Welcome to the November 2013 edition. In this month’s newsletter you can hear from two scientists about fascinating developments in the neuroscience of learning and how our intelligence (as measured by IQ tests) is changing. Watch Professor James Flynn talk about intelligence, and listen to a webinar by Dr Norman Doidge about brain plasticity and learning.
And if you are attending the Learning Difference Convention in Sydney on November 1 & 2 come and visit our booth and check out our exciting competition.
Are we getting Smarter?
Each generation scores higher on IQ tests than the generation before it. Are we actually getting smarter, or just thinking differently? New ideas from Professor James Flynn.
A new study shows that young children have better language growth when they are spoken to directly, as in conversation, compared to others who simply hear language mostly from their environment. So engage young kids in conversations, from the earliest age, rather than just letting them hear others talk, or worse still, get most of their language stimulation from TV. Read more.
Computer-based Cognitive and Literacy Skills Training Improves Students’ Writing Skills
A study conducted at Rutgers University finds that cognitive and literacy skills training (Fast ForWord Literacy and Reading Series) improves college students’ basic writing skills. Learn More.
Learn how the recent discovery that the brain retains the ability to change its own structure and functions was made, how this turns our understanding of learning on its head, and how it radically alters the way we think about student potential. And, discover the online interventions that have grown out of the science and learn how they work to help students overcome reading and language problems. Webinar link.
The Hidden Curriculum: Practical Solutions for Understanding Unstated Rules in Social Situations by Brenda Myles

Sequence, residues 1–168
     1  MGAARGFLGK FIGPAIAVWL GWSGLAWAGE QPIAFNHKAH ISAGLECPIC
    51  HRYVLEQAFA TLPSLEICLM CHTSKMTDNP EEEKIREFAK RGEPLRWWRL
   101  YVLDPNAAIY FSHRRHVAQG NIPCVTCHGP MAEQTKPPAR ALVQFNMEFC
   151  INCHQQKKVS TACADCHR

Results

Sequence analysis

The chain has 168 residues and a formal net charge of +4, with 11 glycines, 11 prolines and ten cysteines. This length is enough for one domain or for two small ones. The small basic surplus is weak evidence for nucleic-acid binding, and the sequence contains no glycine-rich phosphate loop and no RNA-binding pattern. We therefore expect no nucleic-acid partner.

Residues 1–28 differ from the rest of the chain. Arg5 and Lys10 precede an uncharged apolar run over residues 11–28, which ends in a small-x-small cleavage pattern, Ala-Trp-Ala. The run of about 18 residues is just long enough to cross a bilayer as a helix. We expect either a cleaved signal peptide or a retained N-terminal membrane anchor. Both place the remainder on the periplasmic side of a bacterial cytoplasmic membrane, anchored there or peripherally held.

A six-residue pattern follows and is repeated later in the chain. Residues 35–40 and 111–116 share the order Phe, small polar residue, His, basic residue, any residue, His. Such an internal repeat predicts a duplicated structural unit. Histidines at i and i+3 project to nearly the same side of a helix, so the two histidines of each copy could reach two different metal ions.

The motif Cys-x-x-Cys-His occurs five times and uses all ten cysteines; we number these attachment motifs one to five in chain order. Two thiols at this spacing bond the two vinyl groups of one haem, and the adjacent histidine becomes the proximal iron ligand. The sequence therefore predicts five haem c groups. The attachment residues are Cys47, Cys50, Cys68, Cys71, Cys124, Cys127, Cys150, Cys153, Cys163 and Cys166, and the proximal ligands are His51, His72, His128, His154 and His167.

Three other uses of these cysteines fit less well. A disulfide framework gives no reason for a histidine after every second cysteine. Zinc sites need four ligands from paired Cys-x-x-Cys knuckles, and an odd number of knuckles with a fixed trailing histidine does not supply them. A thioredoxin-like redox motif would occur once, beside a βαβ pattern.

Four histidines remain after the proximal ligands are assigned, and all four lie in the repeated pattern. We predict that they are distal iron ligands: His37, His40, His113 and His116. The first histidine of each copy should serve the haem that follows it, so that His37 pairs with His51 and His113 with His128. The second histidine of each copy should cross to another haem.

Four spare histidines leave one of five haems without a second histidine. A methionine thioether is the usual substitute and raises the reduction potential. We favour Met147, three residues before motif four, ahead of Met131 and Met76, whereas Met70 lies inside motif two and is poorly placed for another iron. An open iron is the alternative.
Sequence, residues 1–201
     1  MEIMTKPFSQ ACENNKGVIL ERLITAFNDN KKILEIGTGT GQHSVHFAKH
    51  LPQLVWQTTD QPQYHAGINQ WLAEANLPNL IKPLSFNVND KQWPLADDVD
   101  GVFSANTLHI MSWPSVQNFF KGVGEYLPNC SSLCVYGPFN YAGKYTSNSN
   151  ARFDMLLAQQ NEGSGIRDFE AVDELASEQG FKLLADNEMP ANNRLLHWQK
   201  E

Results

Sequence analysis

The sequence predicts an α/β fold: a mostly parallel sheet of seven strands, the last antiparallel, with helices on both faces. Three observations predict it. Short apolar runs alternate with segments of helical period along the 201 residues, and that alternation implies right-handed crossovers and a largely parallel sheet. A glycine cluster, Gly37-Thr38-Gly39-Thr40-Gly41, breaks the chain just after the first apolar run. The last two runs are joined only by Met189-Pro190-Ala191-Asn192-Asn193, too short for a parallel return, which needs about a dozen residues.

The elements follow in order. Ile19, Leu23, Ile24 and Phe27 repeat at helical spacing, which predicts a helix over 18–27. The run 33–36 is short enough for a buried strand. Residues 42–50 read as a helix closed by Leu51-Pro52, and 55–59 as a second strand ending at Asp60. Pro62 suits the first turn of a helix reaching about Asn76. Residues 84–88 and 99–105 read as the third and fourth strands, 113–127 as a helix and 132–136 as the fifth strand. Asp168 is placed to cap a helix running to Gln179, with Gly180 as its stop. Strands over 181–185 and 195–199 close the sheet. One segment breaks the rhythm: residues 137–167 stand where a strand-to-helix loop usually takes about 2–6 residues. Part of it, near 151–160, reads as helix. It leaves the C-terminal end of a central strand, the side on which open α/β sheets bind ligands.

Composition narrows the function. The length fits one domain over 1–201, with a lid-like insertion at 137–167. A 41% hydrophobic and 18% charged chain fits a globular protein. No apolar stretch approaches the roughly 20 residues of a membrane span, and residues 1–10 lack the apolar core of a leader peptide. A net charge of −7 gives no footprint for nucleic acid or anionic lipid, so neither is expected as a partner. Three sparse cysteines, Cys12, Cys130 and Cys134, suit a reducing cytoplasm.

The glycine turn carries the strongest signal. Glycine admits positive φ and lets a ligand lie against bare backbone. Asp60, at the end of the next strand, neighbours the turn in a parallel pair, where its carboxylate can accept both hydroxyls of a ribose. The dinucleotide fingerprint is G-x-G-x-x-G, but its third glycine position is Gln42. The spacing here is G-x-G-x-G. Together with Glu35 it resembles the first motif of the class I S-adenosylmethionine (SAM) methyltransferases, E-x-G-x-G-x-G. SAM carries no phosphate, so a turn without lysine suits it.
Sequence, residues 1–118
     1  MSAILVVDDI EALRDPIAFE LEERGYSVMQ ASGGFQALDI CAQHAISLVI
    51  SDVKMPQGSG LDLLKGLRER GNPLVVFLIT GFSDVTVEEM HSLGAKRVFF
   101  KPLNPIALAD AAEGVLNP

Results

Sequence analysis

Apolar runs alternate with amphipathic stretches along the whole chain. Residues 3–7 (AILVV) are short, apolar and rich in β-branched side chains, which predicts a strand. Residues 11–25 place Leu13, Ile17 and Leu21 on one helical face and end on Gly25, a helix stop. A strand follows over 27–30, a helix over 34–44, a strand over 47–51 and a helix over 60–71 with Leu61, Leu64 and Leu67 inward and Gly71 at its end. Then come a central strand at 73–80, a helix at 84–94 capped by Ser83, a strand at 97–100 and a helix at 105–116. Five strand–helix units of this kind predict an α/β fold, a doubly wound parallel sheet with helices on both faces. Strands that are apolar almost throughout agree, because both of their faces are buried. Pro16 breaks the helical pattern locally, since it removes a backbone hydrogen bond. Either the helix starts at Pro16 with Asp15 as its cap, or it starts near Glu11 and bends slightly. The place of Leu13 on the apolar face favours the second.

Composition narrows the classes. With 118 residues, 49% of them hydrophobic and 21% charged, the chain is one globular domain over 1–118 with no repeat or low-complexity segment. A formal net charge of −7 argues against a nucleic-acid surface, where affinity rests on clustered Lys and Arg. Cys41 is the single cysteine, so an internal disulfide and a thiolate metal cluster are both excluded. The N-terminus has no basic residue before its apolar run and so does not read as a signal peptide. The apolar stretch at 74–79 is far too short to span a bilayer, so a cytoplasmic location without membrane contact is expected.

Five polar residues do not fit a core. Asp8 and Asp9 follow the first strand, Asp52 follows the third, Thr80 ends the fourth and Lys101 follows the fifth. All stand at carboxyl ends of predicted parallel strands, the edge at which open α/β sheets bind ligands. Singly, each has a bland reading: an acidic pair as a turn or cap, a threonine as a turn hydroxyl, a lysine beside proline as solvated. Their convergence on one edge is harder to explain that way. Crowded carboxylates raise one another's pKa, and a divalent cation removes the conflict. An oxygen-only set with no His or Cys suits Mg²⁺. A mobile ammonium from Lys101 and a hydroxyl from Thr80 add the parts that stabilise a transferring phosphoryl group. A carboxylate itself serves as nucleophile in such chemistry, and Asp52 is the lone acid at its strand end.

The Hidden Curriculum offers practical suggestions and advice on how to teach and learn those subtle messages that most people seem to pick up almost automatically but that have to be directly taught to individuals with social-cognitive challenges. Given the serious consequences that can befall a person who violates a social rule, the strategies and detailed lists of curriculum items make The Hidden Curriculum a much-needed resource.
iReadWrite by Texthelp
IReadWrite by Texthelp is an easy to use reading and writing app that includes powerful support features that benefit struggling readers and writers of all ages, especially those with dyslexia, dysgraphia, or other learning difficulties. Features include text-to-speech, word prediction, phonetic spell checker, homophone and consumables checker, text and picture dictionary.
Kids Nutrition Workshop – Nov 9, Rozelle, Sydney
The Kids Nutrition Workshop offers children nutritional advice and address common diet and nutrition myths. Children will understand the long-term health effects of excessive consumption of salt, fat and sugar and will learn to think critically about attractive food packaging and television advertisements.
The Learning Difference Convention
LearnFast will be exhibiting at the Learning Difference Convention on Friday 1st November and Saturday 2nd November at the Sydney Exhibition and Convention Centre, Darling Harbour. All attendees will be issued with a Gift of Literacy card, a gift program to help more Australians improve their literacy skills.
An event organised by teachers where you can attend seminars and workshops on learning difficulties, visit specialist exhibitors and find links to vital charities.
Do you have questions about your child or students? Email us
Question: “This may sound a bit strange, but my (soon to be teenage) daughter has been doing Fast ForWord for a few months. To my great surprise, she is now able to swing herself on a swing for the first time in her life. We have done nothing new to teach her this, so I am wondering if it may have been caused by Fast ForWord?
Answer: A unique feature of the Fast ForWord program is that it cross-trains both language and cognitive skills such as working memory. The value of cross training is well supported by research. Fast ForWord improves cognitive capacity so that when we have addressed the underlying processing difficulties there is more ability to focus on other skills. Motivation and confidence also improve which can greatly affect performance. So, even though Fast ForWord doesn’t work directly on motor skills the freed up cognitive capacity enables improvement in other domains.